As we were a pretty small team, we were trying to keep meetings brief. People didn’t need reminding to prepare for refinement or planning, so the time needed to work out an agreement was also short.
Before going live, we started defining metrics and aggregating logs in one place. We had to put some extra effort to automatically pull logs from the provider but that paid off with detailed user monitoring and ability to cross-check error logs with events delivered by a third party site. As the output, we got multiple dashboards and log filters analyzing almost every aspect of the running application: from pure system metrics like resource consumption, latency, and uptime, to detailed information about user behavior with an ability to trace errors back to few requests before to better understand the context. After exposing a new login to live traffic, every 5xx error was immediately alerted on team’s Slack channel and, thanks to gathered links and dashboards, we could identify a root cause within a few minutes.
I also saved one more surprise for the end. Although the company policy was to have co-located teams, due to a shortage of personnel, our team was partly distributed. Apart from me, all team members were sitting in the same room in Munich, DE, and I was working from the office in Poznań, PL. Also, due to other responsibilities, I could not allocate more than 60% of my time for this team.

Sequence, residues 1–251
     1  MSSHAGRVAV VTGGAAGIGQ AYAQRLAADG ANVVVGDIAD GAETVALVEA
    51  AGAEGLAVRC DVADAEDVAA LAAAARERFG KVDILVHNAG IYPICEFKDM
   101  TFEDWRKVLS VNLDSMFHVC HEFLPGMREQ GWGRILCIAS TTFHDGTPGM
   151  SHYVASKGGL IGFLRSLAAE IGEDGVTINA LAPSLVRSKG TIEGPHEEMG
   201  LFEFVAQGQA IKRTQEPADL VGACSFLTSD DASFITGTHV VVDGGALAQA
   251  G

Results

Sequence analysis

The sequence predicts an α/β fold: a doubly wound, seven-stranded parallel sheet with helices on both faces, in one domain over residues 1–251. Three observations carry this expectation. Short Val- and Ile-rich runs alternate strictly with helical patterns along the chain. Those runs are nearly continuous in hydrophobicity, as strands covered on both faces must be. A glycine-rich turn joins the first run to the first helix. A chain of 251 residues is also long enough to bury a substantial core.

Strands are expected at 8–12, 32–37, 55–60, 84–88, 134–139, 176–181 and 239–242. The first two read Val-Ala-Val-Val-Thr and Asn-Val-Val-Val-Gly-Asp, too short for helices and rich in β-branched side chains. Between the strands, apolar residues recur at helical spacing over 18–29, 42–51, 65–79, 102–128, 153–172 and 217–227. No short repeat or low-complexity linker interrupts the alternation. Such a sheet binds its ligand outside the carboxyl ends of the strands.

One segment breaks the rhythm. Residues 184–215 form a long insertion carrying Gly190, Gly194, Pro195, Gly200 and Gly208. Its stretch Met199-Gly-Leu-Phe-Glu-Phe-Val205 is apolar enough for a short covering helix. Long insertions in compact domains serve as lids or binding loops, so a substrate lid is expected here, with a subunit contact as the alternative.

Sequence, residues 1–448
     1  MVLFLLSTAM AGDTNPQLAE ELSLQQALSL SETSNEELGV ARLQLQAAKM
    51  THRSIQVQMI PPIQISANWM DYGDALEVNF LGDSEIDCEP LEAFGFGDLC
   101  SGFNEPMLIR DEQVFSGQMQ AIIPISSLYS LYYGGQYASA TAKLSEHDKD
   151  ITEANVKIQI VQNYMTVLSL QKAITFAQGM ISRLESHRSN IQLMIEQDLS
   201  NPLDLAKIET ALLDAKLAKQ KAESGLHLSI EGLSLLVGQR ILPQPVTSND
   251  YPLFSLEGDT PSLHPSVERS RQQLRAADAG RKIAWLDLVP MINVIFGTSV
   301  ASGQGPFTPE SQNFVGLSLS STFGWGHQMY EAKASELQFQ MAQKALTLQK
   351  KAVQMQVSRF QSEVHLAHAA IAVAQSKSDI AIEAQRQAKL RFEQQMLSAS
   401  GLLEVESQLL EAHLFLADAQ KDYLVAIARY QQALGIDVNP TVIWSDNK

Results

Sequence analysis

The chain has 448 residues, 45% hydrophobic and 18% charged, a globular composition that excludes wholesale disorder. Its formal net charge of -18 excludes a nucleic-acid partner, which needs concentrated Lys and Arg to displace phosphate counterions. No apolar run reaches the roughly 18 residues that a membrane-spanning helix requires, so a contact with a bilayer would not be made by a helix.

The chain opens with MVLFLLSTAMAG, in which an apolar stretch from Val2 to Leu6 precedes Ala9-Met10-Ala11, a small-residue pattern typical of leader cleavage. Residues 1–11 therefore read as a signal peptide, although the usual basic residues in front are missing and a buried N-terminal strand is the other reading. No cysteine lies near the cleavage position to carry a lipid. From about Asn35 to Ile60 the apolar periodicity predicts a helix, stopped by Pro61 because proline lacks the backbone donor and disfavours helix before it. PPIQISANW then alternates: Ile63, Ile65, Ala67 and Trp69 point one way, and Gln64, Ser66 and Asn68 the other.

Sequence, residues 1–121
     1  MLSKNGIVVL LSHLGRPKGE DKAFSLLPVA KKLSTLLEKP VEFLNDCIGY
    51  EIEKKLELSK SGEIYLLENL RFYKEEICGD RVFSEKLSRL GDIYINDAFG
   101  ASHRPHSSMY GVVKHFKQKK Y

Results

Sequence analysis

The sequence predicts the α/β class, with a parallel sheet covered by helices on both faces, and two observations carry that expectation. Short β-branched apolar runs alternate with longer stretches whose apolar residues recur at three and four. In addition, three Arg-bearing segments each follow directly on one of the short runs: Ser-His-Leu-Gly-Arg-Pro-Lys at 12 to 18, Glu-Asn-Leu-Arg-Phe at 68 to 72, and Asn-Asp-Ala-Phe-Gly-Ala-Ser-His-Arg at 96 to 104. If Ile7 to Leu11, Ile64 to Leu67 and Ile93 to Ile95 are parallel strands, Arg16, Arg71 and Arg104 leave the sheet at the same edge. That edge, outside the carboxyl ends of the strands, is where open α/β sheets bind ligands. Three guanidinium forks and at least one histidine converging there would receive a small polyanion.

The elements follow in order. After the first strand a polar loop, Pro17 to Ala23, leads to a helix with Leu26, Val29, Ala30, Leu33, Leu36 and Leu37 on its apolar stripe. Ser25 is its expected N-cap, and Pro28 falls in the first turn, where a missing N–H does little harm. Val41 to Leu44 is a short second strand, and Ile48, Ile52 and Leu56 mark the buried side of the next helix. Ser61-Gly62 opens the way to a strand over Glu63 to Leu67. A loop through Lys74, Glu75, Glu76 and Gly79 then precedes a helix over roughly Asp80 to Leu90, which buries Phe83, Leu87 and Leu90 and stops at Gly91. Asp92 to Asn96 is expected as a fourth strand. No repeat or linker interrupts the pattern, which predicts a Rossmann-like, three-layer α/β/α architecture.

Our internal communication, sharing opinions and ideas, was so good that most of the time I didn’t feel excluded at all. To be honest, working with them, even as a remote developer, was more enjoyable to me than working with some other teams co-located in one room.
Now that our goal is achieved and I am switching teams once again, I have decided to take a look back at the last 12 sprints and try to learn from it (and of course to share with you).
Was it really that candy-sweet all the time? Of course not. We had our problems, starting with me not being 100% in the team. I regret that I could not get more involved in coding. Sometimes, especially in the very middle of the project, our meetings were too long and seemed pointless to me. Out CI pipeline crashed several times, blocking the whole development process and causing a lot of tension. We were dependent on other teams which sometimes weren’t willing to help us because it was not compliant with their OKRs. It all happened more than I’d like, but I’m happy that we did work it out together and fixed it instead of pointing fingers.
What I personally learned from it was that:
The proper mindset is an absolute foundation for good DevOps culture.
Having a smaller team of engineers inclined to be full-stack means it’s better at self-managing and does not suffer in case of someone being suddenly absent.
Automation should be lean and constantly improved. Don’t put too much overhead on it at the beginning.
We should treat our applications as our own piece of production cake, equip it with a number of useful metrics and get knowledge out of them.
Ideas for the technological process should not be turned down by product people, as they influence greater delivery speed in the end of the day.
I hope that I can take this knowledge and use it in the new project I’m about to join.